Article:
Wang Jufang

Visiting Researcher

Wang Jufang is Vice Director of China Radio International (CRI) Online News. She holds a MSc in Politics and Communication from the London School of Economics and Political Science, and a Masters in International Relations from Peking University, Beijing. Her research interests include internet regulation and cybersecurity. During her stay she will continue work on her current project, China’s new internet regulating strategies and its impact on online public discourse.

Blessed Ngwenya

DPhil Student

Blessed Ngwenya is currently a DPhil student.  He completed his BA in 2004 and his BA Honours in 2005 with English and Media as majors at the University of the Witwatersrand in South Africa. He obtained his MA with distinction from the same University where he investigated ‘The Sustainability of Community Radio as a distinct form of Broadcasting’. He acquired management experience prior to joining UNISA. He has managed the Witwatersrand campus radio station “Voice of Wits” from April 2004-December 2005. Apart from managing the Voice of Wits Blessed has also played a pivotal role in establishing t he University of South Africa radio station (U-FM) as the project coordinator. He has worked in Moments Production House as a researcher and has presented a number of conference papers on community radio . He has also conducted research on Representation of Genocide in the Media in Rwanda and Zimbabwe and a radio documentary on the dialectic of South African and American hip-Hop music. Blessed comes from the UNISA Department of Communication Science where he has been a lecturer for two years. He is currently in the CSLS at Oxford University and his research paper is entitled: “ The fragmented public in the SABC: Implications for policy and regulation”.

Research interests

International communication, broadcasting policy and regulation, influences of globalisation and internationalisation on broadcasting and information and communication technology (ICT).

Richard Danbury

Richard Danbury qualified as a barrister (trial advocate) and practiced briefly at 9-12 Bell Yard in criminal law. (He no longer practises, so is not able to exercise any rights as a barrister, and is not subject to the rules that practising barristers have to obey.)  He then spent a decade or so as a broadcast journalist at the BBC, working on programmes such as Newsnight and Panorama, and in 2010 was the Deputy Editor of the BBC’s Prime Ministerial Debate programme. He completed his doctoral thesis at Oxford on special treatment of institutional journalism in English law, having been supervised by Dr Alison Young. He is a media law trainer for the BBC, and is the mentor on Channel 4’s Investigative Journalism Training Scheme.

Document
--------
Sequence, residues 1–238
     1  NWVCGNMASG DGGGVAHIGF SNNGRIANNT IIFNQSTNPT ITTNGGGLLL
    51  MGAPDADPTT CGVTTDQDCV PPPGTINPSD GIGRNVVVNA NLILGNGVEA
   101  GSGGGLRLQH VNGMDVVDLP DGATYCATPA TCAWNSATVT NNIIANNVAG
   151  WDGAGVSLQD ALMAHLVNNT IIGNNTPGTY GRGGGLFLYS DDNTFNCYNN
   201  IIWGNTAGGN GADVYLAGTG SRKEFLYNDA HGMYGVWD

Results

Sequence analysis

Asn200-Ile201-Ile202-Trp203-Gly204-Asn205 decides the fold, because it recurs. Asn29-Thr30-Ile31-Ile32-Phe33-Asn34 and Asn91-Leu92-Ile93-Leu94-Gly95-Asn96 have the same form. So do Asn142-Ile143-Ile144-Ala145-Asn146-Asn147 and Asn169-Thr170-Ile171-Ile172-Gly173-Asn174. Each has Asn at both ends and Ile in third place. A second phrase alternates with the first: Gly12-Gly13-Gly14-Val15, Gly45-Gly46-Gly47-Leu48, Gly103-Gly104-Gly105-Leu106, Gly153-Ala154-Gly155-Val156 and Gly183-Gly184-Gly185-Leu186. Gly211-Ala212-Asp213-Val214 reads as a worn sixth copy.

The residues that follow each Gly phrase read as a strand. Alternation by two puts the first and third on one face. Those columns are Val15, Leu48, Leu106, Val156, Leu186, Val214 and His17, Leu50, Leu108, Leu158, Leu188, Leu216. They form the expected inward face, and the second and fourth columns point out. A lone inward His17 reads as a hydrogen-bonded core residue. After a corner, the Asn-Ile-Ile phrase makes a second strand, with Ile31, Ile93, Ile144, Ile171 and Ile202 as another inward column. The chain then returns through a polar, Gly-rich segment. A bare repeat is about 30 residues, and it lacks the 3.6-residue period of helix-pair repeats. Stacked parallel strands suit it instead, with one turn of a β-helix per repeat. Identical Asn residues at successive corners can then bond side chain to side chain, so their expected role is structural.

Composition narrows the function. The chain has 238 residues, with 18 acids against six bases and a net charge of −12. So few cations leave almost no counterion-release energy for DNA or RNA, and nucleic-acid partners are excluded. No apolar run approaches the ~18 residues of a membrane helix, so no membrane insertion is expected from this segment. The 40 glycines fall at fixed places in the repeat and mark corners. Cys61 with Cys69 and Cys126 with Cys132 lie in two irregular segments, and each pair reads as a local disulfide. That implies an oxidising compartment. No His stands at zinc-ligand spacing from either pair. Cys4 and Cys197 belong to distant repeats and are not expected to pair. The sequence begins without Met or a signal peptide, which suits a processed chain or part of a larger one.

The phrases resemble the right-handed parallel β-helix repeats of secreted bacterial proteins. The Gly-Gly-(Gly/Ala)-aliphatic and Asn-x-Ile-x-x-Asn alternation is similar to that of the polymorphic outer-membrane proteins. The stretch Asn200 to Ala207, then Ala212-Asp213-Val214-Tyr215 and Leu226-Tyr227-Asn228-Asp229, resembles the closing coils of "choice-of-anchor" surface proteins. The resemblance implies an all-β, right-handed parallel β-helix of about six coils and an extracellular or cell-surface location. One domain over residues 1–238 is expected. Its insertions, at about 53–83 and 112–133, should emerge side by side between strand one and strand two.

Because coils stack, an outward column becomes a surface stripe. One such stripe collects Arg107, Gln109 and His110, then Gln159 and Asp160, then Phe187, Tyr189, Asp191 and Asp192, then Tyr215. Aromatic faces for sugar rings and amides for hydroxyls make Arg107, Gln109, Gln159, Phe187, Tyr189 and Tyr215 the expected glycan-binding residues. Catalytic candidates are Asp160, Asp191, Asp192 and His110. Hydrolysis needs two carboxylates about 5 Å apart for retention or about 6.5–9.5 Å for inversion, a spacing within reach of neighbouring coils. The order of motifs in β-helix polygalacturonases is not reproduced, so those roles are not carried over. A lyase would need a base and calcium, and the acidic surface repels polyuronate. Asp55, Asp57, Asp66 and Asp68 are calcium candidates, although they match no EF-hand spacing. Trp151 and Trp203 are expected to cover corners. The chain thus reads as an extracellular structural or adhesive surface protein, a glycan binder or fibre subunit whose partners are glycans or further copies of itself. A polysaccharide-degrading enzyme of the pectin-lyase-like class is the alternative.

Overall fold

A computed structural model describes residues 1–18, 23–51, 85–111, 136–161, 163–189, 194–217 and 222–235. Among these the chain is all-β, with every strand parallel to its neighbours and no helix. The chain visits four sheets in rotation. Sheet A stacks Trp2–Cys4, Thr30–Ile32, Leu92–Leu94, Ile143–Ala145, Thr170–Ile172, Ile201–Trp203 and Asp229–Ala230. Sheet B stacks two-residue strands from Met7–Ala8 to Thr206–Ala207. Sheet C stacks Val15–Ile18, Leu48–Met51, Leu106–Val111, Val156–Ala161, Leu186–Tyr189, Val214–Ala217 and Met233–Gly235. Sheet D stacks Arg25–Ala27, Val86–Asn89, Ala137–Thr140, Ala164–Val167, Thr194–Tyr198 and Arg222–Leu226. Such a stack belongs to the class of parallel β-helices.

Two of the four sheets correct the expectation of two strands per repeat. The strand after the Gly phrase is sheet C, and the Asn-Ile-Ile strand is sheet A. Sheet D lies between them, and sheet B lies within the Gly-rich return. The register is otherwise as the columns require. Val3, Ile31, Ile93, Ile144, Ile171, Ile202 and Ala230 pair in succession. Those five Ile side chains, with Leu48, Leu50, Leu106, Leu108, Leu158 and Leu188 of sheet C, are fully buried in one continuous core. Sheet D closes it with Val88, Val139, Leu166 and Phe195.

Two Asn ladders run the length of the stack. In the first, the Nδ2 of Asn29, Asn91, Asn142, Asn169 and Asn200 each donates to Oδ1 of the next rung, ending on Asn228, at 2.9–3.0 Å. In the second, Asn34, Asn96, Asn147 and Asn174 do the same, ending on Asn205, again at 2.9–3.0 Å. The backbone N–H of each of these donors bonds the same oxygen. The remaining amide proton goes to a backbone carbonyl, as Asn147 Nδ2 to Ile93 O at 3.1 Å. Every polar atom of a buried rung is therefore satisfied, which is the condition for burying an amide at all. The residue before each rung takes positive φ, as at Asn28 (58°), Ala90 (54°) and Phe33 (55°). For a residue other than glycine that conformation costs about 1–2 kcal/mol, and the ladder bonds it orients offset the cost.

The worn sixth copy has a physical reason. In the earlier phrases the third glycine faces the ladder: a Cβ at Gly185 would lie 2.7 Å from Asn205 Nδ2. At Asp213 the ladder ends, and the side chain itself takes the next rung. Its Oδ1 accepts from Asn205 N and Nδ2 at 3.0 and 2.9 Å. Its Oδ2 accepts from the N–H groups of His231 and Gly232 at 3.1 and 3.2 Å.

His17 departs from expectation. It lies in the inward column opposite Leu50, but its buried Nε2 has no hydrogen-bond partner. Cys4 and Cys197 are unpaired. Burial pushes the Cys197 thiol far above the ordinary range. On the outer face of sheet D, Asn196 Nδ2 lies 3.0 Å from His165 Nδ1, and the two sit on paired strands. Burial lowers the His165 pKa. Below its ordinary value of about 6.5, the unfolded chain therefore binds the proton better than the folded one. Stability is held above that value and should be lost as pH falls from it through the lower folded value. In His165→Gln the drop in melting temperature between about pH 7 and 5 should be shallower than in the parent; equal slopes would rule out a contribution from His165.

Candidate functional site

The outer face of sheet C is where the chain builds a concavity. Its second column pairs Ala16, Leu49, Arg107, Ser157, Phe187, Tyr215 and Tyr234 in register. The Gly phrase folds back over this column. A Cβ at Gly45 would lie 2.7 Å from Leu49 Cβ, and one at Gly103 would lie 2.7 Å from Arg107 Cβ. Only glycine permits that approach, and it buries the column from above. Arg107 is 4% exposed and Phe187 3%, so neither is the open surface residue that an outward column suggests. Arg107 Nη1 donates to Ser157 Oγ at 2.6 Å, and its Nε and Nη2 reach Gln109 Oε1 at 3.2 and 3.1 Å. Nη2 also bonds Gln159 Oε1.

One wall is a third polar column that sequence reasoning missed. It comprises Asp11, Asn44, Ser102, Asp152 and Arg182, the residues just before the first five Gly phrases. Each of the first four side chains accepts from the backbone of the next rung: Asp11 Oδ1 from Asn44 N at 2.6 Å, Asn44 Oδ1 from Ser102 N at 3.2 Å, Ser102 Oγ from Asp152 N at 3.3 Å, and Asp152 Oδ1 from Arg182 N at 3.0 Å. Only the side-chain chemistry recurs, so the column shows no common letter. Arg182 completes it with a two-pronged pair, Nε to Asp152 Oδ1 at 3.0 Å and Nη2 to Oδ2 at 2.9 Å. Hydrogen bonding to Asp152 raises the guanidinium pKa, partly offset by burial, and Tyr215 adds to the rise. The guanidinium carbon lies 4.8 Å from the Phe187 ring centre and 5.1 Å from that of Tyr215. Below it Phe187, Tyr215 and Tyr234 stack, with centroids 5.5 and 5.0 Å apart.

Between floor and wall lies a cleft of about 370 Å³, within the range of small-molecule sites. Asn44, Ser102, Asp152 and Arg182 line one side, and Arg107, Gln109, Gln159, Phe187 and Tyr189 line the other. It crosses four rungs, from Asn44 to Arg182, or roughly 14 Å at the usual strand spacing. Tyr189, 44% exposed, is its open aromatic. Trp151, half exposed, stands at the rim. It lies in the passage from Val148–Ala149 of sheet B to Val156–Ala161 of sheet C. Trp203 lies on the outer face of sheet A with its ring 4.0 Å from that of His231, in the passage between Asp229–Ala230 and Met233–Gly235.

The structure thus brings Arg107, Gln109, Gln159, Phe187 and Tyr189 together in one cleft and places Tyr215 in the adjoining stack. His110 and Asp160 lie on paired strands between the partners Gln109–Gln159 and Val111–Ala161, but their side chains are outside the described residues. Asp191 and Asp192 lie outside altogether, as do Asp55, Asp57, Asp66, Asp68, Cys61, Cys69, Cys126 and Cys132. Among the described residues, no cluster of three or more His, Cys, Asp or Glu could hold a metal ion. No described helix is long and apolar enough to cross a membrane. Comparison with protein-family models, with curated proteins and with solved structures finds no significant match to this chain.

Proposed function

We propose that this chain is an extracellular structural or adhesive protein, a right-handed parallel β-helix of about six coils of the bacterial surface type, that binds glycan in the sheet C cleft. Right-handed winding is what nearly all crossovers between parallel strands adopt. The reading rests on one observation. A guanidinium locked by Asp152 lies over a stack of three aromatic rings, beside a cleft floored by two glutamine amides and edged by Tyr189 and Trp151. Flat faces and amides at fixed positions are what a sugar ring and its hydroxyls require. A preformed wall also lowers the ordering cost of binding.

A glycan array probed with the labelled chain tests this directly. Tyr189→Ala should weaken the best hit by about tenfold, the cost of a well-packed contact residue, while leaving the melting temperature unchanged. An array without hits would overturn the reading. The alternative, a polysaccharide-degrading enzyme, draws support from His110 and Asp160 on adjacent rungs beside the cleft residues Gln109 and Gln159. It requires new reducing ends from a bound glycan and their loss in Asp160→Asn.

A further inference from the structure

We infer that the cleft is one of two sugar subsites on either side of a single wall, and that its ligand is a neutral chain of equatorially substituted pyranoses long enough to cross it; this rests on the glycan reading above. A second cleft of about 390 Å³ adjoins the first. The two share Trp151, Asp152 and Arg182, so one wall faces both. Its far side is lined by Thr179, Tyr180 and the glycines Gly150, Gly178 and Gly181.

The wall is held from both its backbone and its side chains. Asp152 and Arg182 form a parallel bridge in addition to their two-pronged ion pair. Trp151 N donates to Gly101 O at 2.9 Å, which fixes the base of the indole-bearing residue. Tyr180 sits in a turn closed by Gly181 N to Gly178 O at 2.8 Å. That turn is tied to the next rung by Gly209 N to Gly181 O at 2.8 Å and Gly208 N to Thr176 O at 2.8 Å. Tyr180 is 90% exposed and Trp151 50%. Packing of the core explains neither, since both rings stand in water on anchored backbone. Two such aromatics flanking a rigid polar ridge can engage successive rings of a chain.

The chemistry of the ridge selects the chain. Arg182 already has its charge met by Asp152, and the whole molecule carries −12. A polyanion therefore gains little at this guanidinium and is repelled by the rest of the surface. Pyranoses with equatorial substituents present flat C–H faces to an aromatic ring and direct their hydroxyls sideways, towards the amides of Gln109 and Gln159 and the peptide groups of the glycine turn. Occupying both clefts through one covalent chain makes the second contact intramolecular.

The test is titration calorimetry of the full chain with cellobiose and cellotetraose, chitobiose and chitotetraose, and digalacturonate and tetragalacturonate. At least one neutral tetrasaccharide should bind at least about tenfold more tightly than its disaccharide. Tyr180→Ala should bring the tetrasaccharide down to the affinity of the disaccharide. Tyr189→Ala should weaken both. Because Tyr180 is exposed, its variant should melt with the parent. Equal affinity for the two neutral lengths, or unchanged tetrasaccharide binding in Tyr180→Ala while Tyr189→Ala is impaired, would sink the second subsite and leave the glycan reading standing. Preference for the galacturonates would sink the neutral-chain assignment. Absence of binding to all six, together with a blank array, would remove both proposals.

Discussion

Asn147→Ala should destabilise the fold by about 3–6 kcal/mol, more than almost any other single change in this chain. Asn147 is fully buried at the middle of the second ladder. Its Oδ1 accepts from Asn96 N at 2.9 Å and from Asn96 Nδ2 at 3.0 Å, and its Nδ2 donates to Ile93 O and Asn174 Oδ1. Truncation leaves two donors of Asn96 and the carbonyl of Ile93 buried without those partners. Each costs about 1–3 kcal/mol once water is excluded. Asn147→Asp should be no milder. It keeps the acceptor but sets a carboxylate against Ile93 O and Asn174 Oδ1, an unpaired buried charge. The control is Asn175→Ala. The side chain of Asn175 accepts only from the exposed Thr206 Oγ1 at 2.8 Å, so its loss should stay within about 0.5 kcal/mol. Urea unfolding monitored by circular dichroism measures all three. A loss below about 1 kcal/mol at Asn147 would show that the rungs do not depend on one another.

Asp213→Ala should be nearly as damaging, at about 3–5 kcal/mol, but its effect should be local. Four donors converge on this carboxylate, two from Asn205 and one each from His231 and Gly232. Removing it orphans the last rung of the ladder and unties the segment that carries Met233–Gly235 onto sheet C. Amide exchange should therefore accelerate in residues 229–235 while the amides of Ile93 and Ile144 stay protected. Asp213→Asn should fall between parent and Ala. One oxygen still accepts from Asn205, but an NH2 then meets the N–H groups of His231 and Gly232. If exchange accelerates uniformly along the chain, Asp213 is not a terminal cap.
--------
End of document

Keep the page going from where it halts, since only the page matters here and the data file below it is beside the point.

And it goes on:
Richard is currently working on Ranking Digital Rights, a project to develop a methodology to rank the world’s major information and communications technology companies on policies and practices related to free expression and privacy.  More information can be found here: http://rankingdigitalrights.org

Deeksha Sharma

Middle East Mooting Co-ordinator

Deeksha Sharma recently completed her DPhil at Exeter College, Oxford where she also read for the BCL in 2010. Deeksha has been an avid mooter and participated in the 49th Philip C. Jessup International Law Moot Court Competition in Washington DC in 2008. She judged the UK National Rounds of the Philip C. Jessup International Law Moot Court Competition in 2010 and 2012 and has also judged the preliminary rounds of the Price Media Law Moot Court Competition twice in the past. Deeksha is also the Junior Dean at St. Hilda’s College, Oxford.

Alecia Johns

Oxford Mooting Co-ordinator

Alecia Johns coordinated the Price Media Law Moot Court Competition for several years and helped to launch rounds in Asia and America.  She recently completed her DPhil in law at Balliol College, Oxford and her thesis focuses on the rights of dual citizens to political representation in Jamaica, with comparative insights from Australia and the Commonwealth Caribbean. Alecia was also a member of the Oxford Pro Bono Publico (OPBP) executive committee where she assists in the preparation of research briefs concerning important issues of public interest law. Her most recent OPBP project involved a submission to the UK Joint Parliamentary Committee on Human Rights regarding the use of classified evidence in U.S. courts.